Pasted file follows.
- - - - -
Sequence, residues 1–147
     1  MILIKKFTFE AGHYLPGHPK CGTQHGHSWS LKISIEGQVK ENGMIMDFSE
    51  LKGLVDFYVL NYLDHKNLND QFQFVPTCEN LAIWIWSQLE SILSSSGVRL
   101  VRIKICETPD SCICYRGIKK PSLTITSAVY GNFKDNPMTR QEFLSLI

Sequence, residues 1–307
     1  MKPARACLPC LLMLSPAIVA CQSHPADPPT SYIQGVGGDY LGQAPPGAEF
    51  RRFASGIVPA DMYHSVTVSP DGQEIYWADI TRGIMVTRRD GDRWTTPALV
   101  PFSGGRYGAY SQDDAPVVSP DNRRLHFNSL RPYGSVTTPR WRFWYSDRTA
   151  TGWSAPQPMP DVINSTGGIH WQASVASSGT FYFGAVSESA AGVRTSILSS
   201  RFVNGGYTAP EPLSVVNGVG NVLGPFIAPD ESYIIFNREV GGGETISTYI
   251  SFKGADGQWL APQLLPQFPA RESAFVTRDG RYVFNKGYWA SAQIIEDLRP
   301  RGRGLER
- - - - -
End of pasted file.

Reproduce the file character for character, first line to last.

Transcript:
Sequence, residues 1–147
     1  MILIKKFTFE AGHYLPGHPK CGTQHGHSWS LKISIEGQVK ENGMIMDFSE
    51  LKGLVDFYVL NYLDHKNLND QFQFVPTCEN LAIWIWSQLE SILSSSGVRL
   101  VRIKICETPD SCICYRGIKK PSLTITSAVY GNFKDNPMTR QEFLSLI

Sequence, residues 1–307
     1  MKPARACLPC LLMLSPAIVA CQSHPADPPT SYIQGVGGDY LGQAPPGAEF
    51  RRFASGIVPA DMYHSVTVSP DGQEIYWADI TRGIMVTRRD GDRWTTPALV
   101  PFSGGRYGAY SQDDAPVVSP DNRRLHFNSL RPYGSVTTPR WRFWYSDRTA
   151  TGWSAPQPMP DVINSTGGIH WQASVASSGT FYFGAVSESA AGVRTSILSS
   201  RFVNGGYTAP EPLSVVNGVG NVLGPFIAPD ESYIIFNREV GGGETISTYI
   251  SFKGADGQWL APQLLPQFPA RESAFVTRDG RYVFNKGYWA SAQIIEDLRP
   301  RGRGLER